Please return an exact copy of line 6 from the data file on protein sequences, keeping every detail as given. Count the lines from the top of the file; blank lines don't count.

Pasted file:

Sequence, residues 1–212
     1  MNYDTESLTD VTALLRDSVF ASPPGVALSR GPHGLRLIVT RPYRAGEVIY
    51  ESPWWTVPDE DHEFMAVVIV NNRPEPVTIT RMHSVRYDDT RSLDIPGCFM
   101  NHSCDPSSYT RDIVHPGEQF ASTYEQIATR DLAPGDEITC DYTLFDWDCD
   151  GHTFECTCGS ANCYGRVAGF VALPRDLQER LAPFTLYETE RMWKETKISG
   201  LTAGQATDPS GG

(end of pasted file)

   201  LTAGQATDPS GG